Every week we provide our views to top local newspaper, The Durham Times. You can pick up a copy each and every week for just 50p from your local newsagents, or visit the papers website for the latest news in the North East - www.durhamtimes.co.uk - until then, enjoy our latest piece.
Planning for his first full season in charge, Martin O'Neill dug deep into his managerial rucksack and brought forth the blueprint - or so was thought after the first game of pre-season tournament the Peace Cup. Without Stephane Sessegnon, O'Neill turned to what served him so well at Aston Villa; bodies in midfield, pacy, high-up-the-pitch attacking outlets and one focal point around which exists.
As the Premier League season began, the Benin playmaker would spearhead the blueprint. Then, as a genuine focal point was signed and shined, Sunderland reverted to last season's dynamic; a 4-4-1-1 with Sessegnon given license to roam in his maverick way. The problem is that Sessegnon has not replicated his dazzling form from the previous year, be through his own faults and his team-mates unable to find him in favourable attacking areas.
When Sessegnon was dropped last week, Sunderland deployed a 4-5-1 system that was sure to become 4-3-3 when breaking to attack. Yet there was little different. Sunderland still frustrated - both the opposition and its fans. Their wide players again flattered to deceive. Implementing different formations and styles throughout the season is not unusual, but a return to 4-4-2 on Tuesday night was. Not only because, as a system, it is so simply countered, but that Sunderland do not possess the proverbial eyes to match Lee Cattermole's legs in midfield, further stifling the creativity which has been at an absolute premium so far as space is shut down by the opposition's extra man in the centre.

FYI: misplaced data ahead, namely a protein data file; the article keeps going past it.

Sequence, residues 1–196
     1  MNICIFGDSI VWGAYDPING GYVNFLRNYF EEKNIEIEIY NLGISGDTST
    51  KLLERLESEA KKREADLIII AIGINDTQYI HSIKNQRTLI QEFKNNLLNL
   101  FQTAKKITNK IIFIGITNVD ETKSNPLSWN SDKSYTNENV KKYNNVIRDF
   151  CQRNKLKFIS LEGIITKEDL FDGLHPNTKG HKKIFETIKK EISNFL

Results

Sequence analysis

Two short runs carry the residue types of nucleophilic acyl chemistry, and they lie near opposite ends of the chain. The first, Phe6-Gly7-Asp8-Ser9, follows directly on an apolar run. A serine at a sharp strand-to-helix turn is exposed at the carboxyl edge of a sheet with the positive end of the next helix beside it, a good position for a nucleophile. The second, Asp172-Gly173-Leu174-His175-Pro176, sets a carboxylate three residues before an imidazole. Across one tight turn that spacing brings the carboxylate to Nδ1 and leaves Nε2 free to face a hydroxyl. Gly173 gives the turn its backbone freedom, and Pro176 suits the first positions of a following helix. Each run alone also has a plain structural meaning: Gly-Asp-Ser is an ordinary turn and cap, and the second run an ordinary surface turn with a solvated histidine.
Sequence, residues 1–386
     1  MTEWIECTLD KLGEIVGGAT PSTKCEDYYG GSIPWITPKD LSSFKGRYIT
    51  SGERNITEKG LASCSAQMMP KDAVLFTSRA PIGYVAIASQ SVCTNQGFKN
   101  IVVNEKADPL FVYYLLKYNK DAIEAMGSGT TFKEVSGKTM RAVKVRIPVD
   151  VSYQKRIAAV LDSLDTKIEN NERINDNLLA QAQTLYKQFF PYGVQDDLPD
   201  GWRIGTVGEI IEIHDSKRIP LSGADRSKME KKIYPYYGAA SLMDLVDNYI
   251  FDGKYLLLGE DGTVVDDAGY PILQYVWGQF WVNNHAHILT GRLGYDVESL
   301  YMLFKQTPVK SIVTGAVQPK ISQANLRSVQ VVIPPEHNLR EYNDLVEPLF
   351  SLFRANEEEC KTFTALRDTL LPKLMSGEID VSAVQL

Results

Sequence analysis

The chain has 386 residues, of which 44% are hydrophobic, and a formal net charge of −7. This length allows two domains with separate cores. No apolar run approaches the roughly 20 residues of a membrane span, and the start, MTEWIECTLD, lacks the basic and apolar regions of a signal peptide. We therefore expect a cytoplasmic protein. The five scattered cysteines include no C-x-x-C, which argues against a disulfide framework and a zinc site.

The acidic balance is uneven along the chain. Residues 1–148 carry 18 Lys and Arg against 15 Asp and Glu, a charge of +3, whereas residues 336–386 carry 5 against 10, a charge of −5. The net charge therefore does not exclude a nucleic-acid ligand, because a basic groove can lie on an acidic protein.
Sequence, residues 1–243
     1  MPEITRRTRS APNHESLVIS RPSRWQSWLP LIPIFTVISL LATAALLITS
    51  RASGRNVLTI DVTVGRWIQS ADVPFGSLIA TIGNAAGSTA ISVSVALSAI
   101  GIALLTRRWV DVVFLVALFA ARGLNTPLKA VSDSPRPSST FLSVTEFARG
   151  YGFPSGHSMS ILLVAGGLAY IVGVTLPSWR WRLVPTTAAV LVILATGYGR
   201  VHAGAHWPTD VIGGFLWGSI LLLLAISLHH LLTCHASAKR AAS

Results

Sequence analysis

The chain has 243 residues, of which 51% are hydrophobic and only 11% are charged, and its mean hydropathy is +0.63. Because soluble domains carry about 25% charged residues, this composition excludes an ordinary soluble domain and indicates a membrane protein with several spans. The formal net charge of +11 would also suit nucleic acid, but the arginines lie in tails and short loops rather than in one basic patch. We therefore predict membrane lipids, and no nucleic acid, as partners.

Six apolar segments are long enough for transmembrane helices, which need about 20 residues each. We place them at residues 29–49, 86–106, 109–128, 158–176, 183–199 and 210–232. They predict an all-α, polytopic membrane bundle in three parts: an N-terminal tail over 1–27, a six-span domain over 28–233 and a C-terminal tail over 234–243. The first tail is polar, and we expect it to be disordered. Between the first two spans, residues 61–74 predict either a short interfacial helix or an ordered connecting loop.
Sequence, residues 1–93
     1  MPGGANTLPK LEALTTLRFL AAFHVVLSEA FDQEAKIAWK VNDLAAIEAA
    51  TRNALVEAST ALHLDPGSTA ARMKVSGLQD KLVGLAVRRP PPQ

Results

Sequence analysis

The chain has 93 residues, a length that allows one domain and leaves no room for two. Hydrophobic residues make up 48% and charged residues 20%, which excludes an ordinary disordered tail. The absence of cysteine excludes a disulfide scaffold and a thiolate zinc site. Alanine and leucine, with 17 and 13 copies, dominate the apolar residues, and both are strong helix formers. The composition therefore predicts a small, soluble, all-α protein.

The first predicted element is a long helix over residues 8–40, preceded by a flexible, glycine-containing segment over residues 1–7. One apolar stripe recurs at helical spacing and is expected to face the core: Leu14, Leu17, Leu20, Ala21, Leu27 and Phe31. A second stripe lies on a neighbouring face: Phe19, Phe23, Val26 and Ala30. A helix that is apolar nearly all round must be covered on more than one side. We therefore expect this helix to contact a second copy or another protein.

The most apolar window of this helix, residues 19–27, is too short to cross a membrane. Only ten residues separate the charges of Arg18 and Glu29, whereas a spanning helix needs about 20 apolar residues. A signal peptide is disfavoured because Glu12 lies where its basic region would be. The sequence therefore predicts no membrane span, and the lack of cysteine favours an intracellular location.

The manager, both this season and last, has indicated that the squad is more suited to the formation that defined his tenure at Villa Park. Fraizer Campbell is far more wide-forward than centre-forward when used from the bench, and then there is Connor Wickham's early 2011 form as the left-sided part of a front three. At present, only Steven Fletcher and Louis Saha - and Sessegnon at a push - are deemed genuine central attacking options. The quandary is just where Sessegnon fits, but the same could also be said of Adam Johnson and James McClean thus far. Whilst the Premier League would be against printing question marks on the back of their shirts, an answer to Sunderland's struggles is yet to be found.
Confidence was again the buzzword following the Capital One Cup exit, its extension to the manager a question gaining legitimacy as weeks pass without attacking improvement. Part of developing a squad - something that O'Neill strives to improve - is having to make decisions in key positions. The backdrop is that if a talented player is not on the field, a game-changing option is on the bench, ready to be called upon. Sunderland have been without that luxury, not only because a number of players are out of form but because O'Neill has denied himself the opportunity by shoe-horning his better players into the team.
But confidence is not the only issue - carelessness is just as potent in holding Sunderland back at present. Ahead of the visit of Aston Villa - a game from which both teams are in need of a win - the Black Cats' problems are all-too apparent. Sessegnon, along with McClean, is the most dispossessed player on average in the league. He is runner-up to Fletcher in the running for top turnovers. The lowest shots-per-game stat is a simple correlation; how are Sunderland going to shoot if they are so negligent in possession? The Villains managed to extend their cup run in midweek and in arriving at this game may muster some confidence from that - despite their poor league form. If confidence still eludes Sunderland, conviction must not stray from O'Neill as he faces his former club.